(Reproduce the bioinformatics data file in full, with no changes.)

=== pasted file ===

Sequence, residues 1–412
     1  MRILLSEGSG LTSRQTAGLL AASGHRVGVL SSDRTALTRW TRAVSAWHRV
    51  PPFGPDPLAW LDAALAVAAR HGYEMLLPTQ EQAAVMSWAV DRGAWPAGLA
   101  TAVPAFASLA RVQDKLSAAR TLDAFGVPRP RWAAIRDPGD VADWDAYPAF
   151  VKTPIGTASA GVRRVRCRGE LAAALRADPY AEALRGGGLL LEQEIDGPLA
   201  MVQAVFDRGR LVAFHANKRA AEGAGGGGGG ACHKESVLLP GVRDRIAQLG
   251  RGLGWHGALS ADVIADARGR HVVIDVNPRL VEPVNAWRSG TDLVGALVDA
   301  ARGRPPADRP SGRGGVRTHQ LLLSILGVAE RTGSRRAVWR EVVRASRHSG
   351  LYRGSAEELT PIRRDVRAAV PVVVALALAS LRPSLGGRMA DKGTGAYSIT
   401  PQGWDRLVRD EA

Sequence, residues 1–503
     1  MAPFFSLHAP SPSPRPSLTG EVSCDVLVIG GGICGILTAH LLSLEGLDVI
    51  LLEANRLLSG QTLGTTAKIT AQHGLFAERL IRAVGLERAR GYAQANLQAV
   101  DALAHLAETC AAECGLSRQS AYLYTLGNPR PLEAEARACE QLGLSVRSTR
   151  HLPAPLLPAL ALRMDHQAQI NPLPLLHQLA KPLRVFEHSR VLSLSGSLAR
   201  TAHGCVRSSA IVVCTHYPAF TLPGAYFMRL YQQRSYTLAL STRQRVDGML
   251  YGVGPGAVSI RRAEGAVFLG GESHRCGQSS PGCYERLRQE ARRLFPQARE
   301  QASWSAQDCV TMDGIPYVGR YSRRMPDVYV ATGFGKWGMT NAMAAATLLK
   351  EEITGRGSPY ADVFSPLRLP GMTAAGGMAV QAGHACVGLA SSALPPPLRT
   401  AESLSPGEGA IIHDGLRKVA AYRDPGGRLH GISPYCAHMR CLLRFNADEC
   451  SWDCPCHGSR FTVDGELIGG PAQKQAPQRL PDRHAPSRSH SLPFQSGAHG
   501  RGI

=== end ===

Sequence, residues 1–412
     1  MRILLSEGSG LTSRQTAGLL AASGHRVGVL SSDRTALTRW TRAVSAWHRV
    51  PPFGPDPLAW LDAALAVAAR HGYEMLLPTQ EQAAVMSWAV DRGAWPAGLA
   101  TAVPAFASLA RVQDKLSAAR TLDAFGVPRP RWAAIRDPGD VADWDAYPAF
   151  VKTPIGTASA GVRRVRCRGE LAAALRADPY AEALRGGGLL LEQEIDGPLA
   201  MVQAVFDRGR LVAFHANKRA AEGAGGGGGG ACHKESVLLP GVRDRIAQLG
   251  RGLGWHGALS ADVIADARGR HVVIDVNPRL VEPVNAWRSG TDLVGALVDA
   301  ARGRPPADRP SGRGGVRTHQ LLLSILGVAE RTGSRRAVWR EVVRASRHSG
   351  LYRGSAEELT PIRRDVRAAV PVVVALALAS LRPSLGGRMA DKGTGAYSIT
   401  PQGWDRLVRD EA

Sequence, residues 1–503
     1  MAPFFSLHAP SPSPRPSLTG EVSCDVLVIG GGICGILTAH LLSLEGLDVI
    51  LLEANRLLSG QTLGTTAKIT AQHGLFAERL IRAVGLERAR GYAQANLQAV
   101  DALAHLAETC AAECGLSRQS AYLYTLGNPR PLEAEARACE QLGLSVRSTR
   151  HLPAPLLPAL ALRMDHQAQI NPLPLLHQLA KPLRVFEHSR VLSLSGSLAR
   201  TAHGCVRSSA IVVCTHYPAF TLPGAYFMRL YQQRSYTLAL STRQRVDGML
   251  YGVGPGAVSI RRAEGAVFLG GESHRCGQSS PGCYERLRQE ARRLFPQARE
   301  QASWSAQDCV TMDGIPYVGR YSRRMPDVYV ATGFGKWGMT NAMAAATLLK
   351  EEITGRGSPY ADVFSPLRLP GMTAAGGMAV QAGHACVGLA SSALPPPLRT
   401  AESLSPGEGA IIHDGLRKVA AYRDPGGRLH GISPYCAHMR CLLRFNADEC
   451  SWDCPCHGSR FTVDGELIGG PAQKQAPQRL PDRHAPSRSH SLPFQSGAHG
   501  RGI